Goodreads rating: 3.40
Format: Final Copy BEA14
From the author of THE SUMMER PRINCE, a novel that's John Grisham's THE PELICAN BRIEF meets Michael Crichton's THE ANDROMEDA STRAIN set at an elite Washington D.C. prep school.
Emily Bird was raised not to ask questions. She has perfect hair, the perfect boyfriend, and a perfect Ivy-League future. But a chance meeting with Roosevelt David, a homeland security agent, at a party for Washington DC's elite leads to Bird waking up in a hospital, days later, with no memory of the end of the night.
Meanwhile, the world has fallen apart: A deadly flu virus is sweeping the nation, forcing quarantines, curfews, even martial law. And Roosevelt is certain that Bird knows something. Something about the virus--something about her parents' top secret scientific work--something she shouldn't know.
The only one Bird can trust is Coffee, a quiet, outsider genius who deals drugs to their classmates and is a firm believer in conspiracy theories. And he believes in Bird. But as Bird and Coffee dig deeper into what really happened that night, Bird finds that she might know more than she remembers. And what she knows could unleash the biggest government scandal in US history.
This was a moderately entertaining book. Why only moderately? Well, I am writing this review a month later and am very thankful I took notes on my thoughts on the book because I can't remember a lot of it besides the disease that is rampaging the world and a girl who can't remember what happened one night at a party.
The book does a good job at setting up the severity of the virus and the situation the country is placed into. I love a good story about a deadly virus and really enjoyed the chaos of a viral terrorist threat. So much so, in fact, I liked reading about the deadly virus threat more than anything else in the book (like the actual plot of why Bird can't remember her one night at the party and the love story between Bird and Coffee).
The actual plot and mystery of why Bird can't remember anything was pretty good. I do like a good government conspiracy plot. It was interesting to see her working things out as too why Roosevelt was after her, but was a little confusing at times.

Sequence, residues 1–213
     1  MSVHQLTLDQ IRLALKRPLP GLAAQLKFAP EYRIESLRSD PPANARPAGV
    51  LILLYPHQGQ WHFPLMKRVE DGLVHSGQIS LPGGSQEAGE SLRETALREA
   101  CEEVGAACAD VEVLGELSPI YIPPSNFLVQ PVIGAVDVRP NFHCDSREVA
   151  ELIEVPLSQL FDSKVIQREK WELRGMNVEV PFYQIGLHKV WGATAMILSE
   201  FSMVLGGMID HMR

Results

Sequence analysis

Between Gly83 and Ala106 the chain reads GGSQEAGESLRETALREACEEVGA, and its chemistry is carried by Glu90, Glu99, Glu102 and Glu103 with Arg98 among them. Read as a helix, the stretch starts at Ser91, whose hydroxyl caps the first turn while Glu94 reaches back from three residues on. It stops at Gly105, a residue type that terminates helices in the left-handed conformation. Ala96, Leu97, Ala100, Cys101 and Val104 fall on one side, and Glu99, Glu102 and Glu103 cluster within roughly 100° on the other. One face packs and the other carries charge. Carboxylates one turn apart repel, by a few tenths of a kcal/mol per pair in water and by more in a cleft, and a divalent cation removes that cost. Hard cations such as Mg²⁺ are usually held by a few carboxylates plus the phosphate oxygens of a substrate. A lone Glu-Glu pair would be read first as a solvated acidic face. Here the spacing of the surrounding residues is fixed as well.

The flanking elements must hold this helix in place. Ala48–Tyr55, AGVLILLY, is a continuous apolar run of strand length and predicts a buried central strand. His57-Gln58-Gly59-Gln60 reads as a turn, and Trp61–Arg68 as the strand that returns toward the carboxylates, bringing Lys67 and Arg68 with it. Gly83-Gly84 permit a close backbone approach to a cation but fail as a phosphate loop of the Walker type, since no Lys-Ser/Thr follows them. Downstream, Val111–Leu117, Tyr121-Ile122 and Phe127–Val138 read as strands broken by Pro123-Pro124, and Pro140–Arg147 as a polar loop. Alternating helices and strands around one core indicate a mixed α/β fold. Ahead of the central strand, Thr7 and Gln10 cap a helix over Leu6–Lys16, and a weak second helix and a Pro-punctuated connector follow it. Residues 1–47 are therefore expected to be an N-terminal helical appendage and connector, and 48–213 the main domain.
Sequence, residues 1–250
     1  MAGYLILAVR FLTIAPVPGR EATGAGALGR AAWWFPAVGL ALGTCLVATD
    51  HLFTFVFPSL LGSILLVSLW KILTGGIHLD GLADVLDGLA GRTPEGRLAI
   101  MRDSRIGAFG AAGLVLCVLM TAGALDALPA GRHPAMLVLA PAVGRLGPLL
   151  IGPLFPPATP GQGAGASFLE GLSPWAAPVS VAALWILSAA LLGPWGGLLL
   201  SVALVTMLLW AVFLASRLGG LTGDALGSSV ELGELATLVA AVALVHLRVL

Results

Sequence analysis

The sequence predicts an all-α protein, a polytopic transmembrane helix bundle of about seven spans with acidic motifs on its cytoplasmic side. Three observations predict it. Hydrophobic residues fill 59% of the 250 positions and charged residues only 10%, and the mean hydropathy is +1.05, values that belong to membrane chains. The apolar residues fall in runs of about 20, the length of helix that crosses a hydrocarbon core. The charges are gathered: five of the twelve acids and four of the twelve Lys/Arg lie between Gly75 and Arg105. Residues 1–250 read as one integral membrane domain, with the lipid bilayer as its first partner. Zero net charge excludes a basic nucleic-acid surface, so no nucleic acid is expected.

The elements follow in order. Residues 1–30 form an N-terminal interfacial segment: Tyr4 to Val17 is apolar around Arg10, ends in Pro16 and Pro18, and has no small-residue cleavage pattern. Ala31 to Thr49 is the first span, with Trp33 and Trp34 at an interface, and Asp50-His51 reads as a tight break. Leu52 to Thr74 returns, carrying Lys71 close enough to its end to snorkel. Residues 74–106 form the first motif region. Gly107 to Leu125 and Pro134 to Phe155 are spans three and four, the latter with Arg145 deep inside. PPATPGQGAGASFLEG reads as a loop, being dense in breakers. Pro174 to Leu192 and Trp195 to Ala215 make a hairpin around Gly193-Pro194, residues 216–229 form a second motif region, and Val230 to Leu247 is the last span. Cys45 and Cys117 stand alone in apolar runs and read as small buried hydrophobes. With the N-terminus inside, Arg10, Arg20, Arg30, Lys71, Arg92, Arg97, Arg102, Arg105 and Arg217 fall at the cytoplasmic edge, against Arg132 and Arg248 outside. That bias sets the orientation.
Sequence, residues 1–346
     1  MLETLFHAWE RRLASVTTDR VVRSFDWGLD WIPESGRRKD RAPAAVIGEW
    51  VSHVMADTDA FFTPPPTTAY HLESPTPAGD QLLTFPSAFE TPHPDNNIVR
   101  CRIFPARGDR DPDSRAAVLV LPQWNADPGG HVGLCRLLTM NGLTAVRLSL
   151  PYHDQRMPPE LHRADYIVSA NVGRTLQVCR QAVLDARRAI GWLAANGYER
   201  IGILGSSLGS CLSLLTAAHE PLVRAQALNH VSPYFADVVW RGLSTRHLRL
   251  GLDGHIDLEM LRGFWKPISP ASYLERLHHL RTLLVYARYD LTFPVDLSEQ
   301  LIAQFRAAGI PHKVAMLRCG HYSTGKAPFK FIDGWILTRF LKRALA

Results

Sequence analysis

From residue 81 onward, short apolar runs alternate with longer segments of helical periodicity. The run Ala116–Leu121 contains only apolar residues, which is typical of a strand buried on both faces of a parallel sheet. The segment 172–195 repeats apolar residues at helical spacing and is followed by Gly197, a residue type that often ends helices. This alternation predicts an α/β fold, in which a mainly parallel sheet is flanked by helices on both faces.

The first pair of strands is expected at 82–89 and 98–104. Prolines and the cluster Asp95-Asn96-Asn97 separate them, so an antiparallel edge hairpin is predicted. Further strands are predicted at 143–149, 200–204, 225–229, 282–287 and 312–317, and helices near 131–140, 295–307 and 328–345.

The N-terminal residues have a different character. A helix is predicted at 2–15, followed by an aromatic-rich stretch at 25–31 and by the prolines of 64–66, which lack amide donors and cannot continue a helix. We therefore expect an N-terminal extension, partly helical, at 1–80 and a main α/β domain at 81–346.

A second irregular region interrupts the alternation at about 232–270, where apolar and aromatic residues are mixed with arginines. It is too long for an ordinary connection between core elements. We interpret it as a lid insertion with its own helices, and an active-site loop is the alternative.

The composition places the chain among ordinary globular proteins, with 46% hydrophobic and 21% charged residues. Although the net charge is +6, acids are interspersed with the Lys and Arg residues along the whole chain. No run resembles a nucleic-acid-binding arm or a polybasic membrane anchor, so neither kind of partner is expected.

The love story between Coffee and Bird even took me a bit to get into. I do like the idea of a relationship starting from a friendship that has lasted for years (as opposed to the unrealistic notion of "hey I just met you, we're in love now" notion that some books have) but for some reason I was just having trouble getting into it. It might be me just saying "hey dump your "perfect" (loser) boyfriend and follow your heart and stop beating around the bush with everything" repeatedly that just aggravated me.
There was a very good "Be Yourself" theme that I really liked. I loved how the author used different names to show almost different Birds. Emily was the perfect daughter and girlfriend that everyone wanted her to be and Bird ended up being the real person Bird wanted to be.
Overall, the book was a little confusing between the love story, finding yourself, standing up for yourself, world pandemic and the figuring out what actually happened to Bird that night (which I'm still actually really confused on...), plus why Roosevelt was after her (yeah, still don't get that either). There was a lot you had to follow. There were some times that I couldn't put the book down but there were others where I was thinking "oh my goodness am I almost done?". The ending even was sweet, if not a little bit sappy, and like I said, still left me kind of confused as to what actually happened to Bird.
The book gets 3.5/5 stars from me for having a really cool "Embrace who you truly are" theme, but the leftover confusing still left me wondering if I may have missed something in the book, but I wasn't drawn into the book enough to go back and read it :/